See also

Notes and references

  1. ^ a b "Thermopylae" in: S. Hornblower & A. Spawforth (eds.) The Oxford Classical Dictionary, 3rd ed. (Oxford, 1996).
  2. ^ L.H. Jeffery (1976) Archaic Greece: The City States c. 700–500 BC. Ernest Benn Ltd., London & Tonbridge p. 73. ISBN 0-510-03271-0
  3. ^ Rapp, George Robert; Hill, Christopher L. Geoarchaeology: The Earth-science Approach to Archaeological Interpretation, p. 96. Yale University Press, 2006. ISBN 0-300-10966-0
  4. ^ Croon, J. H. (1952). The Herdsman of the Dead: Studies on Some Cults, Myths and Legends of the Ancient Greek Colonization-area . H. De Vroede.
  5. ^ Larousse Encyclopedia of Mythology . Prometheus Press. 1959.
  6. ^ L. H. Jeffery (1976) Archaic Greece: The City States c. 700–500 BC. Ernest Benn Ltd., London & Tonbridge pp. 72-73 ISBN 0-510-03271-0
  7. ^ Hdt. 7.202 lists the contingents for a total of 4,200; other ancient sources add additional forces: Ephorus apud Diodorus 11.4 adds 1,000 Lacedaemonians - that is Perioeci, likewise Isocrates Paneg. 90, Archid. 99; Ctesias says 900. Ernie Bradford (2004). Thermopylae: The Battle for the West. Da Capo Press, p. 106. ISBN 0-306-81360-2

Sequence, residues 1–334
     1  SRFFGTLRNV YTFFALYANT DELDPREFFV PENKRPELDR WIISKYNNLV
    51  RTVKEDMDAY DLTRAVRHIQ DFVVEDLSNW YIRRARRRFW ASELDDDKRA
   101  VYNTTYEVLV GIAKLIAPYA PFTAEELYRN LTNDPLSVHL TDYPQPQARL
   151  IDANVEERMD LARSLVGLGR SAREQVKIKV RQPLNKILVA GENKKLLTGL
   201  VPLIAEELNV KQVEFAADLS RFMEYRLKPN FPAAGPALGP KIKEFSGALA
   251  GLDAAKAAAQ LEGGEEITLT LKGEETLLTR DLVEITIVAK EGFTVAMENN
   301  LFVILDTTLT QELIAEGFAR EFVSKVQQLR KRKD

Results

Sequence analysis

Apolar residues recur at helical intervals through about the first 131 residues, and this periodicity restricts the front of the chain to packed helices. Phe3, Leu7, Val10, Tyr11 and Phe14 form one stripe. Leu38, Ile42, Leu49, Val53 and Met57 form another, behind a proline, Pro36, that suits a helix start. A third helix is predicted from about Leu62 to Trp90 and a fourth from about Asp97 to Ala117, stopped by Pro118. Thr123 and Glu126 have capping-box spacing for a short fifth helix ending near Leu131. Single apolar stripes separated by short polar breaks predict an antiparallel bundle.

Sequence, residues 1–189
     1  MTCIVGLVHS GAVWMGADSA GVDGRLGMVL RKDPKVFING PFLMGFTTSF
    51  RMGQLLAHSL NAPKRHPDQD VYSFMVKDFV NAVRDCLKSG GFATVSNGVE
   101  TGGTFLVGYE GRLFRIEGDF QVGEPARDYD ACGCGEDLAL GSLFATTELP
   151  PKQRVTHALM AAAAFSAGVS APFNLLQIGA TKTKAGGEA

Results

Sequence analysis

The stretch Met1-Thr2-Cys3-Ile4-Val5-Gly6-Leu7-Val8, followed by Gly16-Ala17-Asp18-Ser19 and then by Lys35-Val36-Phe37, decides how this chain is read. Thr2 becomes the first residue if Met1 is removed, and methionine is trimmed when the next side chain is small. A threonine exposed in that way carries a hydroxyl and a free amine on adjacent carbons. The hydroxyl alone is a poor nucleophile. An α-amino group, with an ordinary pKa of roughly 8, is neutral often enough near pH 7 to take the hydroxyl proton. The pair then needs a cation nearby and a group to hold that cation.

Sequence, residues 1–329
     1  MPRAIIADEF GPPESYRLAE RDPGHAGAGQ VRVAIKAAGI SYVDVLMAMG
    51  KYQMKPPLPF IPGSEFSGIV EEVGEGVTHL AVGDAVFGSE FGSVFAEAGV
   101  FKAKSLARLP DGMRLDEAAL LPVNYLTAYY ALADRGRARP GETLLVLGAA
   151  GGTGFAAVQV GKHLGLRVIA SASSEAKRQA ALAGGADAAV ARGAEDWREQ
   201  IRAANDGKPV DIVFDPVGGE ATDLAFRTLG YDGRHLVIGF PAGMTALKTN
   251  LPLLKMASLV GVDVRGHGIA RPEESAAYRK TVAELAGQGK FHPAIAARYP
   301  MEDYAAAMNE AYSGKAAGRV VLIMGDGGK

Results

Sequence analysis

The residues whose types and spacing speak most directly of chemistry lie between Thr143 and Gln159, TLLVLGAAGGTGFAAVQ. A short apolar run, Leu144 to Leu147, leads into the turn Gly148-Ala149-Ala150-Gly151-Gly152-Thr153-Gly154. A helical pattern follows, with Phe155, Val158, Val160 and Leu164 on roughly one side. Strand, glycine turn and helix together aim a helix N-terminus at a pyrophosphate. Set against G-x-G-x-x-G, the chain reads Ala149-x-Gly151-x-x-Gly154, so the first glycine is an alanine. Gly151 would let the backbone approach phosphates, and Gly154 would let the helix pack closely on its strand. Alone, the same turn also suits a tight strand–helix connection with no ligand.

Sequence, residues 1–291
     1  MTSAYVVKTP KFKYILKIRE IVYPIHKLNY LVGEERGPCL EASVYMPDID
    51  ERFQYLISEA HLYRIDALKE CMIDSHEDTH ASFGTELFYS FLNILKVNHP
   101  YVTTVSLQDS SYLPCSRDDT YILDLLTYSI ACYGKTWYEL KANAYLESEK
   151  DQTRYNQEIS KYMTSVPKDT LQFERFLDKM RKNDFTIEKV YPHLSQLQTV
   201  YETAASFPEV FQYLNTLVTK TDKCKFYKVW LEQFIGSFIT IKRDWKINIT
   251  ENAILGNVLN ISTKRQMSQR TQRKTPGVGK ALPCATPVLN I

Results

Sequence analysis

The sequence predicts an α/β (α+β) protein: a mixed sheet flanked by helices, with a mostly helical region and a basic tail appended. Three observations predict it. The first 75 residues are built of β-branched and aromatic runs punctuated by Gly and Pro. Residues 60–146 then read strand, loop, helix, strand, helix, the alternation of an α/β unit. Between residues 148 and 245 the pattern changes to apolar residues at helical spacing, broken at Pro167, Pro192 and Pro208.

8. ^ Hdt. 7.184-85 lists an army of 2.6 million, of whom he initially specifies 240,000 were soldiers, according to his reckoning, but later says all 2.6 million. See a modern interpretation of Herodotus's estimate, Persian Fire. The First Great Empire and the Battle of the West. New York. Doubleday. p. 394 ISBN 0-385-51311-9
  9. ^ Hdt. 7.220, 222; Peter Green (1996). The Greco-Persian Wars. University of California Press. p. 140 ISBN 0-520-20313-5
  10. ^ UC Berk. Ext. class "The Persian Wars" 30 Sept. 2009; "Legends of Marathon and Thermopylae" Lecture at San Jose State 13 Sept. 2010; OSHER/OLLI class "Ten Great Battles of the Ancient World" 24 Oct. 2016;

Further reading

  • Bradford, Ernie Dusgate Selby (1980). The battle for the West : Thermopylae. New York: McGraw-Hill. ISBN 0070070628. OCLC 5889053 .
  • Cartledge, Paul (2006). Thermopylae . Overlook Press, New York. pp. 313 . ISBN 1585675660. OCLC 71266590 .
  • Fields, Nic (2007). Thermopylae 480 BC : last stand of the 300. Oxford: Osprey. ISBN 978-1841761800. OCLC 148997192 .

External links